Content analytics potentially can do more, especially around the decision making that occurs throughout a workflow. The results of research done at its Palo Alto Research Center (PARC) facility are on Xerox’s product roadmap for its DocuShare Flex software. “We work with a large healthcare provider, and some information is sitting in its databases around certain areas that from a security perspective they need to highlight,” says Khan. “Does it have the right permission levels? Does it have the right security level access? Are the right people viewing it? That’s where we hold that content, but we need tools to understand what’s in that content whether it’s a keyword or an understanding of meaning behind the actual word.”
Canon hopes to apply artificial intelligence and analytics to its solution soon. The company currently partners with email collaboration solution provider MXHero and cloud storage and collaboration provider Box. Amorosano says that Canon is looking at ways to incorporate its imaging technology into those solutions. “When you start to put content into Box, you’ve got to be disciplined about how you tag content and where you put it to be useful with a particular business application or process,” he says. “Data stores can get so big, that if you haven’t architected your systems well you get to a point to where it gets more and more challenging to get the content you need out of the system.”
Using AI, Canon can alleviate that problem with what it calls “context management.” “We have technology that allows us to recognize not only documents, but also the context of the document and the content itself,” says Amorosano. “The system gets smarter over time. The system almost becomes intuitive in terms of knowing what you want to do. We’re looking at how we can apply that AI technology to the way in which customers are placing content in and using content within the Box ecosystem.”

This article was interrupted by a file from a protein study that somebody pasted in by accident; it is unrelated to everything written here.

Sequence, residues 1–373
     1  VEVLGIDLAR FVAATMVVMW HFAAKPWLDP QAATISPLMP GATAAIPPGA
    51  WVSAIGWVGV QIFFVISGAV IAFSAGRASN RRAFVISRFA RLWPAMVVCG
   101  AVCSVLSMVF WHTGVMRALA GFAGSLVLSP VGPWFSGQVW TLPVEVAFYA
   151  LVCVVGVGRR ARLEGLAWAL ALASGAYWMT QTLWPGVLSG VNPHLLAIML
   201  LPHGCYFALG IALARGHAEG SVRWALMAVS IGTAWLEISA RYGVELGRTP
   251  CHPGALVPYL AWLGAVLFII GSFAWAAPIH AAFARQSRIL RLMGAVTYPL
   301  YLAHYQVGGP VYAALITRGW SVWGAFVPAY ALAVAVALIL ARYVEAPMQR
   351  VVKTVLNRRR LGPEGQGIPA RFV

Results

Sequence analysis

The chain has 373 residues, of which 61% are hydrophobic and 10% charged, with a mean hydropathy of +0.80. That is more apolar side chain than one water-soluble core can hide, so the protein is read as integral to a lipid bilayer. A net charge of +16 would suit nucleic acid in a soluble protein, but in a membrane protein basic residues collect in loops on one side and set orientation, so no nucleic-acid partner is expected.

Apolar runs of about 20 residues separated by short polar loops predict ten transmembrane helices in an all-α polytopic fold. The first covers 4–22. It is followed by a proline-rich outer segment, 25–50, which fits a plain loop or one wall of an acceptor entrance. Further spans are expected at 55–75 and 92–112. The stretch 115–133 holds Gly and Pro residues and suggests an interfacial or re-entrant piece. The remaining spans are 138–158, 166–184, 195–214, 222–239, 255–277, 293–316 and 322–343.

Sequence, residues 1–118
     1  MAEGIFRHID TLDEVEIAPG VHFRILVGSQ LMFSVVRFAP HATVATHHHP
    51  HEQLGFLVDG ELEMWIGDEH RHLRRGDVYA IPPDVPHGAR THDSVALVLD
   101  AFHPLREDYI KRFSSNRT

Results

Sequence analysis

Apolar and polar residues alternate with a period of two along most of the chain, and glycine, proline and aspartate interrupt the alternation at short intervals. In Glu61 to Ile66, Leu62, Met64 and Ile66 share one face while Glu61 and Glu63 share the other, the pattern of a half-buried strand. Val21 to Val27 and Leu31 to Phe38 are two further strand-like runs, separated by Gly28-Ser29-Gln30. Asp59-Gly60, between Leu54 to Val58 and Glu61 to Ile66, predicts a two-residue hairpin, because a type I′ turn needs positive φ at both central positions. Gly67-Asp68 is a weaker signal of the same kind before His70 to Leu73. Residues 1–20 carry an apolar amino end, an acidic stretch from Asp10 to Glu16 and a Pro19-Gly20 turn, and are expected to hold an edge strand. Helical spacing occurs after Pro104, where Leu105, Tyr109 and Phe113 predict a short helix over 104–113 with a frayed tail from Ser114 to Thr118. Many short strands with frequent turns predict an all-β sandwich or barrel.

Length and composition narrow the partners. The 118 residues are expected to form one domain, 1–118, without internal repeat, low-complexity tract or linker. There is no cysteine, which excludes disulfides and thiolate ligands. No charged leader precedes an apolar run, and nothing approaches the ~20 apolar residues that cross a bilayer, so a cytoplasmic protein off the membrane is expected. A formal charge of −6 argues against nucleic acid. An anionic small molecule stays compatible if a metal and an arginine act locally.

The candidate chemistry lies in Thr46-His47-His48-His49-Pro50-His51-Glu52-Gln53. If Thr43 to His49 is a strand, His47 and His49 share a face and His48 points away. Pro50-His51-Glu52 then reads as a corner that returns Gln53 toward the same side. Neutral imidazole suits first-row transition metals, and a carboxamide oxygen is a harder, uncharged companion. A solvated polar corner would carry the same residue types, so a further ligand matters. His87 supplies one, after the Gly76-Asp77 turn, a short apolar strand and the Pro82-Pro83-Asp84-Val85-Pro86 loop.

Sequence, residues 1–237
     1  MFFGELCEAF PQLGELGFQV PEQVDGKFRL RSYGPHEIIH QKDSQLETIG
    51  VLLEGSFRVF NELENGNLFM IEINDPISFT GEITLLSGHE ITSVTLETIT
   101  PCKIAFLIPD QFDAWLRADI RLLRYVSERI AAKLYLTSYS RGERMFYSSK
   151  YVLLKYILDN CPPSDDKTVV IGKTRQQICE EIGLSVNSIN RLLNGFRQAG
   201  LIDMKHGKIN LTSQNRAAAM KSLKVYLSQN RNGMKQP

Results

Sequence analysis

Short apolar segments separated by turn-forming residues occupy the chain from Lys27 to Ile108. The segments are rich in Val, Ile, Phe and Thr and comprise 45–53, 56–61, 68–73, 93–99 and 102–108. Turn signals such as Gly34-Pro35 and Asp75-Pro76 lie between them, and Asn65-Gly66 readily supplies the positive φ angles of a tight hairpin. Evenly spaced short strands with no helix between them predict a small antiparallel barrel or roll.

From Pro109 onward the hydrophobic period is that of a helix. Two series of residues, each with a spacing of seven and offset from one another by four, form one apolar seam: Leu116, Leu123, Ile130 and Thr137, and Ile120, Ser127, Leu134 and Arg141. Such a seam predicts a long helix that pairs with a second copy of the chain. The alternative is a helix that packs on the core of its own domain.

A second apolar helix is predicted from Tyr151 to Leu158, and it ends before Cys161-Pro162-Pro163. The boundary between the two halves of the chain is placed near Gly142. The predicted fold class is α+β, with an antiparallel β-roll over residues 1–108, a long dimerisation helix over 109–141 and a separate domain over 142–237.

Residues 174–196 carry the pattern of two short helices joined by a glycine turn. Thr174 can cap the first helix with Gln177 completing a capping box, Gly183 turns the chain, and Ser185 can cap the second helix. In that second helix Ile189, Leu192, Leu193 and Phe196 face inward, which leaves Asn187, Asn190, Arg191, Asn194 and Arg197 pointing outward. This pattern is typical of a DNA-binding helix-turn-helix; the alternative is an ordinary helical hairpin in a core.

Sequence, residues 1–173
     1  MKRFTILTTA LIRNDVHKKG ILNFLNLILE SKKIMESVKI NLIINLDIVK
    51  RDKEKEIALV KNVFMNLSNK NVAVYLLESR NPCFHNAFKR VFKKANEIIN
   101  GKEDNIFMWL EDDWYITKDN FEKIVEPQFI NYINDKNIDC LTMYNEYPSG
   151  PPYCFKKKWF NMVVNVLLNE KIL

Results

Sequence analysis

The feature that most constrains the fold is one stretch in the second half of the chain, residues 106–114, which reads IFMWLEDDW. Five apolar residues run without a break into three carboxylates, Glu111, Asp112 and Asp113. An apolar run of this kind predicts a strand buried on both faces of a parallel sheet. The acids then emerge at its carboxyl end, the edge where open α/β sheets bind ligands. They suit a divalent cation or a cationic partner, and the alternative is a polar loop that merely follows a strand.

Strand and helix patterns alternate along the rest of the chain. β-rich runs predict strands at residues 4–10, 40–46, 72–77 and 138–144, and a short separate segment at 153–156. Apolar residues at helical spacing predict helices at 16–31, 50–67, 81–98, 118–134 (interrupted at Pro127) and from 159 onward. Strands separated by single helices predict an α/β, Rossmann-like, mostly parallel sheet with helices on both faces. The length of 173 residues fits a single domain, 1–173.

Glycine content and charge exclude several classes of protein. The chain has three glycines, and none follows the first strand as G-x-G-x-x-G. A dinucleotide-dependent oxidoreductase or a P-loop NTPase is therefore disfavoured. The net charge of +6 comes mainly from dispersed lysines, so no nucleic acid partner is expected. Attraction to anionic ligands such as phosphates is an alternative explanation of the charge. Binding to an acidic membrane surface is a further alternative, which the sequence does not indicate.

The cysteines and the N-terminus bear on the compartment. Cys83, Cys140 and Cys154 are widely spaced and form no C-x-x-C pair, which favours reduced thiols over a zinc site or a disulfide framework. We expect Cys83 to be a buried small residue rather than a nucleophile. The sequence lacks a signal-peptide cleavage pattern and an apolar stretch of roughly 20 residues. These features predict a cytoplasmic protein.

The ability to integrate well with core enterprise systems is key to fully leveraging the value of content analytics. “If all you have is the document processing, you lack a lot of contextual data,” says Nehring. “You might be able to handle an invoice, but you have no idea if it’s been paid if you’re not integrating with the place where the payment actually happens.” SAP recently applied digital invoice management for its own procurement and was able to speed the process for what was already an automated process by another 50 percent, according to Nehring.
Automation sets professional staff free
Paper documents were becoming a barrier to Family Service Toronto (FST), a government-funded non-profit, being able to provide its services. “We have existed for more than 100 years, so we had a lot of paper,” said Vani Visva, who has led FST’s digital drive as director, finance and business technology. What prompted its decision to digitize that paper and start automating some workflows, however, was moving its offices to a new location. The cost of moving the paper and rent for a space big enough to store it was prohibitive.
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